Axis 4

Prediction and Causality

Thanks to publications from national registries or cohorts, most physicians can provide prognostic information at a population level. However, at an individual level, this information is more difficult to assess because of the multiplicity of risk factors. In the context of chronic diseases, synthetic prediction scores of clinical events have become increasingly popular. These scores may help patients and physicians in a shared decision-making and facilitate the implementation of the P4-medicine (predictive, personalized, preventive and participative) in clinical practice.

In the SPHERE unit, we developed and validated several prognostic scores in concrete clinical contexts:



The SPHERE unit is involved in research about methodological issues surrounding prognostic modeling. Several methodological milestones were achieved on prognostic modeling as for instance:

  •  Le Borgne et al.  proposed the weighted and standardized time-dependent ROC curve receiver operating characteristic curves to assess the intrinsic discriminative capacities of a prognostic marker in presence of confounding factors.
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  •  Asar et al. considered robust joint modeling for longitudinal and survival data to improve accuracy of dynamic predictions in presence of longitudinal outliers.
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  •  Fournier et al.  proposed to assess the global predictive performance of dynamic predictions by using a R2-curve.
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illustration axe 4


Prediction and causation have often been considered two different fields. Yet, the first step of causal modeling remains prediction. When using propensity score-based methods, this prediction step consists of predicting the exposure; when using a G-computation approach, it consists of predicting the outcome. Both approaches suppose using patients’ characteristics for these predictions. The SPHERE unit have initiated methodological researches on causal inference since several years.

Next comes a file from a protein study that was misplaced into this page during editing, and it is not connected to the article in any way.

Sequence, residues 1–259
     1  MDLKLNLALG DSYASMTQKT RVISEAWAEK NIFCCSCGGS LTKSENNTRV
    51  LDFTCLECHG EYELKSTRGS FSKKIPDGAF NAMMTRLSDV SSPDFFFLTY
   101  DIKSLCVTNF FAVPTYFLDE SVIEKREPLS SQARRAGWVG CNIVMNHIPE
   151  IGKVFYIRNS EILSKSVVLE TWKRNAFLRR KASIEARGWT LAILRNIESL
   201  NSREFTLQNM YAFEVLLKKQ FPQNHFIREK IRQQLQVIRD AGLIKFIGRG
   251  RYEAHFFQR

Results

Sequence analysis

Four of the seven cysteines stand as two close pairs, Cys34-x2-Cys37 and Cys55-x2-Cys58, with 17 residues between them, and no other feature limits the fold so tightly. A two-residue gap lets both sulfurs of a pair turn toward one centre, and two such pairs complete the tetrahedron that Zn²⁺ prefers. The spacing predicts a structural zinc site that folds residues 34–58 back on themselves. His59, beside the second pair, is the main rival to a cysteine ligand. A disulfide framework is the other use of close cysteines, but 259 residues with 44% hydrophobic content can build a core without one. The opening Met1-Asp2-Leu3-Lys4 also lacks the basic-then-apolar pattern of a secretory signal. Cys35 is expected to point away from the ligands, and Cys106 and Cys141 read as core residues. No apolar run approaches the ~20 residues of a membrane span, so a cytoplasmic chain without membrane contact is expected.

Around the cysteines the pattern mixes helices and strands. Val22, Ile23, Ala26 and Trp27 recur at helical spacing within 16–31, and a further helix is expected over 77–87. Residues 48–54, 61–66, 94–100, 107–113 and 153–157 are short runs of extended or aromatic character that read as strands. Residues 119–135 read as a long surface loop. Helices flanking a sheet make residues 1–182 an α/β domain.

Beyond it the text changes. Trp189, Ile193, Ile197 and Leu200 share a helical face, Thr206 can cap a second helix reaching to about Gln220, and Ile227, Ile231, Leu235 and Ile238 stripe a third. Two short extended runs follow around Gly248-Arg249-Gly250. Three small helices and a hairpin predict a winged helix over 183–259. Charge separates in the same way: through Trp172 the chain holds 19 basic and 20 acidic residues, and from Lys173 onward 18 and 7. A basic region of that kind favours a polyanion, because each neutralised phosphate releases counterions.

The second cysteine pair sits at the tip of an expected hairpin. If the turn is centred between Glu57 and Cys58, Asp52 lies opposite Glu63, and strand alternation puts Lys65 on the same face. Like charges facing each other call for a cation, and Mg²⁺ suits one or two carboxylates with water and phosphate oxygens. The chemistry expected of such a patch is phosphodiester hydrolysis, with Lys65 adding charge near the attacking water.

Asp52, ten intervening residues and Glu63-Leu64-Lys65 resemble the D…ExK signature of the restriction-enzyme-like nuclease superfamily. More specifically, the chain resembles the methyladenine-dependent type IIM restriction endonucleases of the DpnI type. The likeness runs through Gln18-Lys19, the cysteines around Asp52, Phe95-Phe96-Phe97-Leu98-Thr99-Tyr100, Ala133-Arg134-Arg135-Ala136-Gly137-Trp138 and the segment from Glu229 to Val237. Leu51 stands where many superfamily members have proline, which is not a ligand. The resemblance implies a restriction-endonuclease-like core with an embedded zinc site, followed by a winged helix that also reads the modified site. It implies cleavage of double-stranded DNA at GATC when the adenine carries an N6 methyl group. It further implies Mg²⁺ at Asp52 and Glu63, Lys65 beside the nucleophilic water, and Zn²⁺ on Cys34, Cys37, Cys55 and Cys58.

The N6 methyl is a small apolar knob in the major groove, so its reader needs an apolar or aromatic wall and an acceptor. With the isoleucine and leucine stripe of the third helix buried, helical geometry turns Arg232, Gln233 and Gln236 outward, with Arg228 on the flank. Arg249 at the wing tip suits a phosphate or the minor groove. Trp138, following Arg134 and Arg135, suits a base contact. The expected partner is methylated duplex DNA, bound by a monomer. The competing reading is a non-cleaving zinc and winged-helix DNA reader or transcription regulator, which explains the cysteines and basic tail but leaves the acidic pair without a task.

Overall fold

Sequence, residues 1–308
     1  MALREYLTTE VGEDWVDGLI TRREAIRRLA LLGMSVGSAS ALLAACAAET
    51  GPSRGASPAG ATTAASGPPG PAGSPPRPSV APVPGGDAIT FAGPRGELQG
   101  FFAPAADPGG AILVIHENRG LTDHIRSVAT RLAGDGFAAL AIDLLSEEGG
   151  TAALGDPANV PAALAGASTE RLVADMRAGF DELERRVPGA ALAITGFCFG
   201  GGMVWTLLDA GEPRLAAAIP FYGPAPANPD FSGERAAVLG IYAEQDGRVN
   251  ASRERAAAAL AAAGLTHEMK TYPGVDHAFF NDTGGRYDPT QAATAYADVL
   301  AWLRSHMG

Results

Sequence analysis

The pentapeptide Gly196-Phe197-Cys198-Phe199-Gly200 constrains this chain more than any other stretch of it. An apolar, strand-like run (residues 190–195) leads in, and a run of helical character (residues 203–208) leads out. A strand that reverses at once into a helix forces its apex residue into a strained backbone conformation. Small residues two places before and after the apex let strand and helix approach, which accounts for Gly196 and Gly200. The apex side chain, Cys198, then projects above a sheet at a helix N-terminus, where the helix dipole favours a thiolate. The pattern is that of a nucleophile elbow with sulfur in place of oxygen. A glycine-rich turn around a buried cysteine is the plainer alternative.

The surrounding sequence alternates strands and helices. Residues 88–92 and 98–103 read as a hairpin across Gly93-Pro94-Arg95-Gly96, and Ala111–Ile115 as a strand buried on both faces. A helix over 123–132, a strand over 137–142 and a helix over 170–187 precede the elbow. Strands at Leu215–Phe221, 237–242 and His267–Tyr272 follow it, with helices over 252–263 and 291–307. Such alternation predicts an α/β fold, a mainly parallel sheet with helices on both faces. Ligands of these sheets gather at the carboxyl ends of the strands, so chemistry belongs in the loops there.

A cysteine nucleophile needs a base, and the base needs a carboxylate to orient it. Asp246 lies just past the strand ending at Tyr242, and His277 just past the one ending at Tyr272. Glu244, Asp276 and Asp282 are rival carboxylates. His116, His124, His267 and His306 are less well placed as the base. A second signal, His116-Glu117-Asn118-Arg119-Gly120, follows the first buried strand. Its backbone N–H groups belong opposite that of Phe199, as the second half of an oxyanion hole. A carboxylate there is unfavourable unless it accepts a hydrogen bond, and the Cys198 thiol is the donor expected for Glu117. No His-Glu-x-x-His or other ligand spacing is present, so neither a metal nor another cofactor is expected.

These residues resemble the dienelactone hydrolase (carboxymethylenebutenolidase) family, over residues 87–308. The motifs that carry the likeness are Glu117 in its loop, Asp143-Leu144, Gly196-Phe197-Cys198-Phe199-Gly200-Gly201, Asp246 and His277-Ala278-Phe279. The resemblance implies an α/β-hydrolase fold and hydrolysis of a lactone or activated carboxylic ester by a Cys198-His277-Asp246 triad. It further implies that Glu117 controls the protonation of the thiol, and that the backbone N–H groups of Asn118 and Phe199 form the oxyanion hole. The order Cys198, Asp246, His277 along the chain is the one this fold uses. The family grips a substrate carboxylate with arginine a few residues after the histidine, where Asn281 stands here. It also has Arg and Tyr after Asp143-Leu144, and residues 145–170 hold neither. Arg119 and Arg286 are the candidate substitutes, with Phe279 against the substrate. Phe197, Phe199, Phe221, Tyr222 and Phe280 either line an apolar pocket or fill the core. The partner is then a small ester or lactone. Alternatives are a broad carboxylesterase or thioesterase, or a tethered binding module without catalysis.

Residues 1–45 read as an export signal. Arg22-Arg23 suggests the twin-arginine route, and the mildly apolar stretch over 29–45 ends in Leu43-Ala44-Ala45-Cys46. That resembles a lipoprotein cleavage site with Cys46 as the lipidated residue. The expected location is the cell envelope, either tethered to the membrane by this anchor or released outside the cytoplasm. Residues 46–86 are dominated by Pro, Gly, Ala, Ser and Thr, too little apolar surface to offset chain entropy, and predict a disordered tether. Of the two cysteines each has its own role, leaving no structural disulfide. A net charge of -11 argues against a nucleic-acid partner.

• Lenain et al. used time-dependent propensity score to appraise the benefit of kidney transplantation compared to being in dialysis awaiting transplantation.
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  • Chatton et al. compared several approaches (g-computation, inverse probability of treatment weighting, full matching, targeted maximum likelihood estimator) aiming to control confounding bias in causal inference.
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  • Foucher et al. assessed the causal effect pre-emptive kidney transplantation from deceased donors from a cause-specific Cox models with propensity scores.
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We follow our research on causality with new approaches coming from Machine Learning techniques when the exposure/treatment is time-dependent and for time-to-event outcomes.

We also plan to investigate methodological challenges regarding the study of causal relationships between numerous agents to model self-reported outcomes data or longitudinal data of psychiatric syndromes. Indeed, using networks analyses such as the paradigm of “network psychometrics” could help to unravel the interdependencies between the items of self-reported outcomes.

A study of the network of relationships between the items of a self-reported outcome measuring quality of life in chronic diseases is conducted. Using structural equation modeling, future works on studying the cross-lagged, mediation and remnant causal relationships on the longitudinal evolution of multiple psychiatric diseases are planned.